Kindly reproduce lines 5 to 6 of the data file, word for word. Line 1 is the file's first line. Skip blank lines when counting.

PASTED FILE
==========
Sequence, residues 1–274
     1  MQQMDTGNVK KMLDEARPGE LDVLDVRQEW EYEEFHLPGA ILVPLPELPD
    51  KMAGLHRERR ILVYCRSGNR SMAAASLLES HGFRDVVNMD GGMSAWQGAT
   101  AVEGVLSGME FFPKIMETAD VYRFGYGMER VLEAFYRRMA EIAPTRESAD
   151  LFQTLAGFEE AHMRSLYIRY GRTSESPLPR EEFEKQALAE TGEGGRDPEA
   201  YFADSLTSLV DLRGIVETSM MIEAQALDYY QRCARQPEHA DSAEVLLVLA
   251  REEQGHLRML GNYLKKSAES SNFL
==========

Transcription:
   151  LFQTLAGFEE AHMRSLYIRY GRTSESPLPR EEFEKQALAE TGEGGRDPEA
   201  YFADSLTSLV DLRGIVETSM MIEAQALDYY QRCARQPEHA DSAEVLLVLA